Weekly Challenge #12 – Basic Nim

Nim is a mathematical game of strategy in which objects (Such as matchsticks) are organised into a series of rows. Two players take it in turns to remove one or more objects from a single row. The player who removes the final object is the loser of the game.

In this challenge, you will be creating a basic, playable version of Nim. 

Bronze

Write a subroutine which outputs the state of the Nim board at the start of the game. By default, the board should have four rows, each containing 1, 3, 5 and 7 objects.

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Silver

Add functionality to your game so that users are able to take turns removing objects from rows. The game should end once the final object has been removed, and the program should output which player has won.

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Player One: Enter a row: 2
Player One: How many objects should be removed? 2

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Player Two: Enter a row:

Gold

Extend your program so that it now allows the user the option to play against the computer. The computer should randomly decide which row to remove objects from, and should remove a random number of objects from the selected row. 

Basic Nim Game
1) Play a Friend
2) Play vs Computer
Please enter your choice: 2

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Player One: Enter a row: 2
Player One: How many objects should be removed? 2

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Computer removes 4 objects from row 3

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Player One: Enter a row:

Diamond

Modify your program further so that rather than playing every game with a fixed layout of 4 rows (Containing 1, 3, 5, 7 objects), the program randomly generates the number of rows and the number of objects contained within each row. 

Ensure your program contains sufficient validation throughout to prevent users entering invalid options (Such as removing too many objects, or selecting a row which doesn’t exist)

Weekly Challenge #11 – Hexadecimal Quiz

(It turns out that my definition of “weekly” differs from most…)

This week’s challenge follows on from Week #10, except this time we will be testing the user’s knowledge of hexadecimal numbers. I highly recommend attempting Week #10 before beginning this one, as many of the techniques covered in that challenge are also applicable here.

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Weekly Challenge #8 – A Trio of Ciphers

Not one, not two but three ciphers for you to program. For each cipher, write a program which asks the user to enter a plaintext message. Your program should then encrypt the message according to the rules shown in each task. Finally your program should output the encrypted version of the message.

One slight hurdle though – it’s up to you to work out what each cipher is doing!

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Weekly Challenge #6 – Ranking System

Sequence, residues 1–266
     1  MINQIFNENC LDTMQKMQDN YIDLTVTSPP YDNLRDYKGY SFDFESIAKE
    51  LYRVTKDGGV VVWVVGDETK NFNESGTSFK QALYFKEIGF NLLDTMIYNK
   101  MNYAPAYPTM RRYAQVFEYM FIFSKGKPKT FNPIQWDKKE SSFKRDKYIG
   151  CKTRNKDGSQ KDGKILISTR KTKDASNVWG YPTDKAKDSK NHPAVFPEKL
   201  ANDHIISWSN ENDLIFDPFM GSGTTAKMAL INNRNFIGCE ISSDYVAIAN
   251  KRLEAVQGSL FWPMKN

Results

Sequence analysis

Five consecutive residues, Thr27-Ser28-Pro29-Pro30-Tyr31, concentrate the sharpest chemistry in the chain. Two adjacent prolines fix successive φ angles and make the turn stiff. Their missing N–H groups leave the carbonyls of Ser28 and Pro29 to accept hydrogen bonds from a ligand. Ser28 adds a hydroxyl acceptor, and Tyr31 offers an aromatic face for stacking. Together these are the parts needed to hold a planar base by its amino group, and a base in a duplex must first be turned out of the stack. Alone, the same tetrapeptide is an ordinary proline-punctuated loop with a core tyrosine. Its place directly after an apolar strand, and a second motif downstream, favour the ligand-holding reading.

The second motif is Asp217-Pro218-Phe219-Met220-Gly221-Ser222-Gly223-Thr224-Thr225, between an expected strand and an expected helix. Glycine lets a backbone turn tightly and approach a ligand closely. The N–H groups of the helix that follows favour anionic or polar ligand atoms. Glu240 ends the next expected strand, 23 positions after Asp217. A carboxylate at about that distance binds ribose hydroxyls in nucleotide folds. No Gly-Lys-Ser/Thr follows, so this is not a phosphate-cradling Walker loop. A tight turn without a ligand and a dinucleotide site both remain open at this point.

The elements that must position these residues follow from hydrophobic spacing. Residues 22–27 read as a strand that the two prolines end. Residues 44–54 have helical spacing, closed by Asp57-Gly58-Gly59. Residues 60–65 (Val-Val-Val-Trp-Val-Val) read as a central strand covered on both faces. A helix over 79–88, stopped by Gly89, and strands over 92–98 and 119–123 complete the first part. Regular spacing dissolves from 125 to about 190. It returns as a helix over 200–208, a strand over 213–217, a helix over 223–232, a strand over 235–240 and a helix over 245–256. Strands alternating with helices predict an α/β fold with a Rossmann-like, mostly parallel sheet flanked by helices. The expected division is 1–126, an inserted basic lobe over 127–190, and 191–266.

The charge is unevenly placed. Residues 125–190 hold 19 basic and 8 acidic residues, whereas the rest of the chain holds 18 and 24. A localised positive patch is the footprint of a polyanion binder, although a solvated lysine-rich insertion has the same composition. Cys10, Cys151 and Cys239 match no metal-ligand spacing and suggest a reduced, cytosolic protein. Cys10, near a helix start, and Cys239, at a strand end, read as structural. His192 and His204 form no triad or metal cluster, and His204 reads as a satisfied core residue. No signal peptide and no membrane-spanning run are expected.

We’re back in action after a lovely half-term holiday.

This is an implementation of a system for ranking players in a particular game. This is based on the ELO system utilised in various one-vs-one games such as chess. Fun fact, this was also found in the 2010 film The Social Network.

It’s a very maths-y challenge, and definitely the hardest one yet. Good luck!

Bronze

Create a program which asks the user to enter the names of two players. The program should then repeatedly ask which user won each match. After the result of each match has been entered, each player’s win percentage should be output.

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Weekly Challenge #5 – Packing Parcels

This is a (very) simplified version of the bin-packing problem. Feel free to explore this in more detail if you’re interested in learning how to optimise this algorithm.

Bronze

Laura is sending a parcel to her partner abroad. She wants to put in a variety of items, but can only send a maximum of 20kg. 

Write a program which asks the user to enter a the weight of each item. This should be repeated until a negative weight is entered.

Finally, output the total weight of the parcel. If the parcel is over 20kg, then an error message should be displayed.

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Weekly Challenge #4 – Time for Change

This challenge is a basic first step into the change-making problem, which is an interesting topic of research for mathematicians and programmers alike. 

For the purpose of this challenge, we will only be dealing with pence. If you want to make this more challenging, you can use pound coins and notes too.

Bronze

Write a program which asks the user to enter the price of a customer’s shopping bill (In pence). It should then also ask the user to enter the amount of cash the customer has handed over (In pence). The program will then calculate and output the correct amount of change to give the customer.

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Weekly Challenge #3 – Sentence Repetition

To complete these challenges, you should become familiar with splitting strings. These help you split a string into a list/array of individual words. For the gold challenge, you may also want to view my tutorial on selecting random items from a list in Python.

Bronze

Write a program which asks the user to enter a sentence. The program should then output the sentence, but with the first word of the sentence repeated at the end of the sentence.

For example: “Hello Word” would become “Hello World Hello”

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